1960s >> 1969 >> no-778-june-1969

50 Years Ago: Land Nationalisation and the Workers

A new organisation has been formed called ‘The Commonwealth League’, having for its object:

The foundation of a Commonwealth based on the establishment of the common right of the land by the payment by each landholder of the economic rent, which is the commercial value of the site he holds.

The economic rent of any piece of land is the difference between the natural properties of that piece, either in fertility or situation, and that of the poorest piece in demand. How is the amount of this difference arrived at? By competition. To quote the words of one of the Commonwealth League’s leaflets, “He, (the landholder) will pay what another would be willing to pay for the privilege of using the piece of common property he holds’’. (The Vision and the Realisation).

We are told that this method “will throw the land open to all”. Quite true if we add “who are able to pay for it” as it will be the highest bidder who will hold the land, exactly as he does now.

But, it will be objected, at present this price goes into the pockets of private individuals, whereas under the League’s scheme it would go into the ‘common fund’. Yes, but what common fund? To this the answer is: the fund required to meet the social expenses of the community. But how are these met now? By the rates and taxes. Thus the final result of the appropriation of ‘economic rent’ or ‘land values’ is to reduce the amount paid for rates and taxes from other sources.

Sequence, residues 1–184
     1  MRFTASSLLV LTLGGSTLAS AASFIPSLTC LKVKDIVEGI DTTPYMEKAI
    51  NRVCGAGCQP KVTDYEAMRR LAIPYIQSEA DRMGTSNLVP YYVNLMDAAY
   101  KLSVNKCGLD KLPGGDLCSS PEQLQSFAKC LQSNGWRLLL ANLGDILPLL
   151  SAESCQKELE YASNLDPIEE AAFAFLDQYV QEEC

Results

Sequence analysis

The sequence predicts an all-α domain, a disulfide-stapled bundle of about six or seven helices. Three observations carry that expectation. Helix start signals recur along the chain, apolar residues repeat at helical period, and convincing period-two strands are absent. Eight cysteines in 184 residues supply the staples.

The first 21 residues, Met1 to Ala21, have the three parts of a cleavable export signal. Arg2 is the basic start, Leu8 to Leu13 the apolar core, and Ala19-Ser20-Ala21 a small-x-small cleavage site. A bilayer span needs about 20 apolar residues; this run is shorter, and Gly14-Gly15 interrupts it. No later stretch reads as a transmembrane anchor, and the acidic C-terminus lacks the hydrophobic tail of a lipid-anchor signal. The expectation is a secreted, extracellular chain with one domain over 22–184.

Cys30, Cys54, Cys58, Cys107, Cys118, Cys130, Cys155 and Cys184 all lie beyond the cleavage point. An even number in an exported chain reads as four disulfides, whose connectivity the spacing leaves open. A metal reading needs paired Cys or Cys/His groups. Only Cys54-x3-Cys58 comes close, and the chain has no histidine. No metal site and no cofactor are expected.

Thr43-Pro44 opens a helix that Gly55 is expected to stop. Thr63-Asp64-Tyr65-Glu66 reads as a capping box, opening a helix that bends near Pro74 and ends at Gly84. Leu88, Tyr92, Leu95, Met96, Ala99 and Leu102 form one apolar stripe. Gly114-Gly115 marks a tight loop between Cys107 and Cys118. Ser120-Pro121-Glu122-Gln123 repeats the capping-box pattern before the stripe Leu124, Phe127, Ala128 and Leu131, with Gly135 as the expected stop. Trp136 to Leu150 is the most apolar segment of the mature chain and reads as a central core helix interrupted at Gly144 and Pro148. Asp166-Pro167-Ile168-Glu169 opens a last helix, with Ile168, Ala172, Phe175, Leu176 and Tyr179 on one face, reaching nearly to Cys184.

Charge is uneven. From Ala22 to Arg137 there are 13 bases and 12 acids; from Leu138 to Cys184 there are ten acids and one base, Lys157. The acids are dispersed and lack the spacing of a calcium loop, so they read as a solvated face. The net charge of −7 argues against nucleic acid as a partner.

As a class the workers are not concerned with taxation under capitalism. Out of the total wealth, which they produce by applying their labour power to the materials given by nature, they receive on an average about enough to keep them in the working condition that the masters’ interests demand. Obviously they have no margin left over out of which to pay either taxes or economic rent.

The method might not please the section of the master class who are solely, or mainly, landholders, but it would undoubtedly be beneficial to the industrial or commercial capitalists, and is really the ideal capitalist form of taxation.

[From an article ‘Nationalisation —its Futility Exposed’ by J. Fitzgerald, Socialist Standard, June 1919].